My knees aren’t in the best shape, one in particular. I had a rather devastating 13 hour up-and-down hike on day two of a three day hike, and the last day my knees were hurting every step. What are some ways to take some load off the knees, or other ways to prevent this? Not including ‘taking more time for the hike’. Assume already decent footwear and some kind of stick to balance and spread weight.

Edit: Some good advice is given here, I accepted the answer with less obvious tips but be sure to read all the other answers too.

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    Training to strengthen your knees in advance is by far the best thing you can do.
    – topshot
    Commented Sep 16, 2019 at 12:33
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    I don't know how so many answers (12 so far) have overlooked the possibility of a hinged brace, knee support wrap and the like. Commented Sep 16, 2019 at 13:02
  • Ditto on what topshot said. Consider also that maybe some pain is desirable in moderation, for the very sake of strengthening your knees and gaining endurance. If you're always about avoiding pain then you will have a hard time overcoming it.
    – Andrew
    Commented Sep 16, 2019 at 15:15
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    Sure but I’ve had 3 knee surgeries and a lot of cartilage is just gone so there’s only so much I can train. Commented Sep 16, 2019 at 15:17
  • Have you tried using 2 poles? I had a single one for the descent on Fuji and I have never been so envious of people with 2 of them as I was then. Commented Sep 19, 2019 at 6:22

16 Answers 16


As excellent as the previous responses have been (and they all have great advice), I'd add that you want to be FLEXIBLE. Stretching is crucial, and not just for your knees. Hip flexors are a very important part of the equation too.

Stretch all the muscle groups in your lower body. Your knees will be affected primarily by your quad (thigh) muscles, but all your lower-body muscle groups will affect your knees to some degree.

And don't just stretch immediately before your hike; do it for a good couple of weeks beforehand to get your body accustomed to it.

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    @SebastiaanvandenBroek That sounds like a really strong indication that Thunderbuck's advice might be right on for your case. Heavy lifting is a somewhat "count-productive" activity to hiking, as it means muscle mass and as you said often also shortened muscles, which both don't help hiking. I would even say try to stretch regularly, not just weeks before walking. Stretching after the workout helps too, but make sure you are very gentle then, you don't want to stretch too hard/long after excerture.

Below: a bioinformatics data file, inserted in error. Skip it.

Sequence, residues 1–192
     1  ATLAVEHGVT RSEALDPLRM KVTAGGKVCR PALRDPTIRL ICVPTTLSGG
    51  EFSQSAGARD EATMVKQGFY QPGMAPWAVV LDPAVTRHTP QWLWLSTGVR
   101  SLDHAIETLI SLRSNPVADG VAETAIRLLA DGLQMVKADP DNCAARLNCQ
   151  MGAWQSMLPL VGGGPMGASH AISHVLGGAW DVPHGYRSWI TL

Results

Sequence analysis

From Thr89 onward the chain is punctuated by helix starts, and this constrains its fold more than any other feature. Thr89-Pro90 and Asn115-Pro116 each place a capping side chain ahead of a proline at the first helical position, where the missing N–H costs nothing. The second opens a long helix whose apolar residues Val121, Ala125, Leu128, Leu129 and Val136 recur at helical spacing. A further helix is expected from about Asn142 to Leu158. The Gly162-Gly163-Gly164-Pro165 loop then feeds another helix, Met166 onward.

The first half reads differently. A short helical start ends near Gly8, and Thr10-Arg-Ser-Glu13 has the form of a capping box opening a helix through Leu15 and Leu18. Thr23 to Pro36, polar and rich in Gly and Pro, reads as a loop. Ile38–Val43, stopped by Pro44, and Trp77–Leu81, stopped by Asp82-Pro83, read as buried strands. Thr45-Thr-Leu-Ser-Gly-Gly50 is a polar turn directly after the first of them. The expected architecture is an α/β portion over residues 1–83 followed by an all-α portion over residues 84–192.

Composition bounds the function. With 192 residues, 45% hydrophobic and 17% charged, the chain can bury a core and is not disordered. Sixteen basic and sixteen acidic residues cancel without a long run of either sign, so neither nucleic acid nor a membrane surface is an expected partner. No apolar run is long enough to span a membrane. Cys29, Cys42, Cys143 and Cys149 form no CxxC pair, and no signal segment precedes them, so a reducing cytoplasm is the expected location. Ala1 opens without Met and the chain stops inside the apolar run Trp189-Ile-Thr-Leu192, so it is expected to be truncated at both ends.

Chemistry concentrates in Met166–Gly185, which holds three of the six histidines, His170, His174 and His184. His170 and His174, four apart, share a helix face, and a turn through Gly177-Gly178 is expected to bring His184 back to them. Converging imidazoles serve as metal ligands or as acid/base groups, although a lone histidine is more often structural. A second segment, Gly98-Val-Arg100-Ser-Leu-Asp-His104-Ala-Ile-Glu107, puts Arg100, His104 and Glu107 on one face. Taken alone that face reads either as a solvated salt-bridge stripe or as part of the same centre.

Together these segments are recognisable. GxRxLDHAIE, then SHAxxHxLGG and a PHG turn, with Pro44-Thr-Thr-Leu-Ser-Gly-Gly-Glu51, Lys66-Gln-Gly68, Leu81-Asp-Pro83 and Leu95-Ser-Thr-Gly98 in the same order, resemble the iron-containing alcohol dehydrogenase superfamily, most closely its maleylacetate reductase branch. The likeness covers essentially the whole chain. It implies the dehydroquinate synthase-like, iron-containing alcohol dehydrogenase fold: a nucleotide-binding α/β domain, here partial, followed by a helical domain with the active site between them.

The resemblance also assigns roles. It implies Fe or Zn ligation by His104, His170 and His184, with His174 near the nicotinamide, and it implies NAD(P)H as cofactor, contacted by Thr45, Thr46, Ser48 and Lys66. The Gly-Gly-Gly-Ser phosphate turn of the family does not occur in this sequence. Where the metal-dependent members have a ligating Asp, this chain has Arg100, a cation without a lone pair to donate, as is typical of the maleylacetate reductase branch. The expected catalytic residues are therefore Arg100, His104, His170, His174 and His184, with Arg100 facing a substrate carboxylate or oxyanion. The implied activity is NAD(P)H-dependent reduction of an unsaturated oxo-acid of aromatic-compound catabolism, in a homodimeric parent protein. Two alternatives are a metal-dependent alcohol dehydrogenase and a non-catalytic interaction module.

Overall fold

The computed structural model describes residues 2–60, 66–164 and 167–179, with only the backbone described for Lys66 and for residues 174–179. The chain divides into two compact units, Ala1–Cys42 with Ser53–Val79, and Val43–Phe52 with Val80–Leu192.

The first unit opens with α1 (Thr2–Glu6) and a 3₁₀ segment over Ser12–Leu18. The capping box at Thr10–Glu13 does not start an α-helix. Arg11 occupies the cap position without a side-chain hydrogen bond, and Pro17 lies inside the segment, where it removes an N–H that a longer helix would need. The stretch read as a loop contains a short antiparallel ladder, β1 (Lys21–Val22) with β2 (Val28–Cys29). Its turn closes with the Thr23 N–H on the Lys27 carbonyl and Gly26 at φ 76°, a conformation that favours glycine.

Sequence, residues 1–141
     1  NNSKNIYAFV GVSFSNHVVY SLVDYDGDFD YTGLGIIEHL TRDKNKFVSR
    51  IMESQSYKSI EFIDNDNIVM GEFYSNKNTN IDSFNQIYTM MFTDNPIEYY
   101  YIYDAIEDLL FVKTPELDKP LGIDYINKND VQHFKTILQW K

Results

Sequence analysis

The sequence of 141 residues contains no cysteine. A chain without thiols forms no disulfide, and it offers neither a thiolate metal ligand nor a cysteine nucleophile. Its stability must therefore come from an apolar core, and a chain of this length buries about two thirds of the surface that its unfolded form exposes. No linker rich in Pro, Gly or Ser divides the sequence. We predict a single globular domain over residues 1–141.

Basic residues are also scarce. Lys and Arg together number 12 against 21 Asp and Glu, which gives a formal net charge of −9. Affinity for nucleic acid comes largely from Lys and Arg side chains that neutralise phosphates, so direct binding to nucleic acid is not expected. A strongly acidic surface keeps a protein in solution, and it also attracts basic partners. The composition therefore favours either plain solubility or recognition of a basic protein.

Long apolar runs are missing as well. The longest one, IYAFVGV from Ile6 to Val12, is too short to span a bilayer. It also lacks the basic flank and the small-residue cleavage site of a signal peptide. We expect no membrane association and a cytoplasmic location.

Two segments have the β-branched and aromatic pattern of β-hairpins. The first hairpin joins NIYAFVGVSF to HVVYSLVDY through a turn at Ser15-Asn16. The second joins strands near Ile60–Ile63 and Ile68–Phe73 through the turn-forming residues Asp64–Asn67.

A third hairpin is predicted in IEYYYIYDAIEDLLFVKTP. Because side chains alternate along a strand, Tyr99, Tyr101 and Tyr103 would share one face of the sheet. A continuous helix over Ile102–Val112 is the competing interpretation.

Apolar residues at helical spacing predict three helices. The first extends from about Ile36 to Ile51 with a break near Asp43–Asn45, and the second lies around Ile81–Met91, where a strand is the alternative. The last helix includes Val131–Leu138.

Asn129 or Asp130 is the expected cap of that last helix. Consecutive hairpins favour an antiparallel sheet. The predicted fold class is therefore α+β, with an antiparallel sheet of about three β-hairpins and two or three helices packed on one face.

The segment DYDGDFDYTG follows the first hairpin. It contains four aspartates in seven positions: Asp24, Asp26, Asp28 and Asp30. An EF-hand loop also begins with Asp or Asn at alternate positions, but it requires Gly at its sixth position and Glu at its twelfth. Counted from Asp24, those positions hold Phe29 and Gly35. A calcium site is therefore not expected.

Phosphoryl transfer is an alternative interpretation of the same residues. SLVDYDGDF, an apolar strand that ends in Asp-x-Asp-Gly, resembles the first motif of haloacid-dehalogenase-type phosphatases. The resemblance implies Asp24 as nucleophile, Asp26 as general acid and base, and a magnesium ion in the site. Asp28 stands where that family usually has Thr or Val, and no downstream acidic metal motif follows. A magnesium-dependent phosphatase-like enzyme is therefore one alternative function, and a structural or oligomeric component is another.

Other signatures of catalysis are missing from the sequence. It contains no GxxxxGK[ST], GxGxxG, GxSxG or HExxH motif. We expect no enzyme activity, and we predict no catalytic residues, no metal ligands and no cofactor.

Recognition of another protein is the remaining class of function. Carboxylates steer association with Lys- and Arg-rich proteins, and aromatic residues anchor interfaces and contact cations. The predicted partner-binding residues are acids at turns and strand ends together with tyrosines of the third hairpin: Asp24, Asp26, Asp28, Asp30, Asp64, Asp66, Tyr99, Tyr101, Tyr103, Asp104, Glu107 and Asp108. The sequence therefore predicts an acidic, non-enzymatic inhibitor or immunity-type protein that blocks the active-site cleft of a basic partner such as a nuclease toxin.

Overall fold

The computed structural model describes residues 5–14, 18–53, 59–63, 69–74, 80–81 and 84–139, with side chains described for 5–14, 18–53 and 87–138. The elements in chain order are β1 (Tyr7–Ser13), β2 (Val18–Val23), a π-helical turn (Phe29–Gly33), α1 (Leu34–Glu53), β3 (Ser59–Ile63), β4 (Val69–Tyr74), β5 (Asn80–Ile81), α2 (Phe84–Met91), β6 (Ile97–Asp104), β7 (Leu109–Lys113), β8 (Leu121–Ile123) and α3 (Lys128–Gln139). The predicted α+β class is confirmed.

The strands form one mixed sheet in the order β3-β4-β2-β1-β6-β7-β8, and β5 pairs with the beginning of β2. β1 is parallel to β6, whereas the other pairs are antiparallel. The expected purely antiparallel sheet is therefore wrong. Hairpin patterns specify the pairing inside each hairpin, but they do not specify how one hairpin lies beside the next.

– imsodin
    Commented Sep 15, 2019 at 7:19
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    There is no scientific evidence for stretching. In fact, I read a study many years ago that concluded there was a small increase in risk for injury if you stretched.
    – d-b
    Commented Sep 16, 2019 at 16:34
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    @d-b That's so wrong. Being flexible is never a disadvantage. Having weak muscles and lacking good proprioception is what injures you, not having more flexible ligaments. Doing a combination of flexibility, strength, and balance training is the best way to avoid injuries.
    – Gabriel
    Commented Sep 16, 2019 at 20:01
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    @GabrielC. Please source that stretching is good to prevent injuries.
    – d-b
    Commented Sep 16, 2019 at 20:38
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    @d-b no source here (will leave that to op) but exp. w tendonitis/physio: short muscles keep tendons tighter/induce more stress than long ones, even during rest periods, which increases strain and causes inflammation in blood-poor environments. Foam-rolling, stretching etc. are all helpful to produce longer muscles that allow tendons better recovery. Lots of 'knee pain' or other types of pain are due to tendons being inflamed. Increased injury may be due to having greater range of movement meaning you're less sprain-resistant. Doubt this compensates aforementioned effects though.
    – Hirek
    Commented Sep 16, 2019 at 21:09

Carrying less weight makes a big difference. My packing follows the "be prepared" style more than the ultralight one, but even I admit it's easy to carry too much.

Stepping cautiously especially on descents and trying to avoid dropping too much on one step are both important.

A pair of trekking poles is very helpful, and you might need to lengthen them for descents/shorten them for ascents.

  • And it isn't just the pack you should look at for keeping weight down. The walkers adage, which apparently originated with Edmund Hillary, ' one pound off your feet equals five pounds off your back, apparently has a lot of truth to it. adventure.howstuffworks.com/outdoor-activities/hiking/… I certainly do better with hip pain in lighter barefoot style shoes than stiff soled, ankle high hefty boots,
    – Spagirl
    Commented Sep 19, 2019 at 11:41

Assuming you are not opposed to it, preemptively taking an anti-inflammatory such as ibuprofen before your knees start hurting and then re-dosing later if it is a long hike can help to keep swelling / inflammation down.

[Edit regarding anti-inflammatories: By all means consult your doctor about safe dosing & frequency before beginning use in your activities. Depending on a number of factors, including drug interactions, some or no use of different medications may be safe for you. Also be aware that unless prescribed by your doctor medications are not intended for long term, frequent use. Be responsible & informed in your use of all medications. No sense damaging your body long term for short term gains. Know what medications are safe & appropriate for you.]

Another thing that can help when going down a particularly steep downhill; if the trail is wide enough try zigzagging your path. This will slow you down some, although probably less than if you were trying to descend while in pain. Zigzagging essentially decreases the slope that you are descending, thereby decreasing the impact on your joints with each step.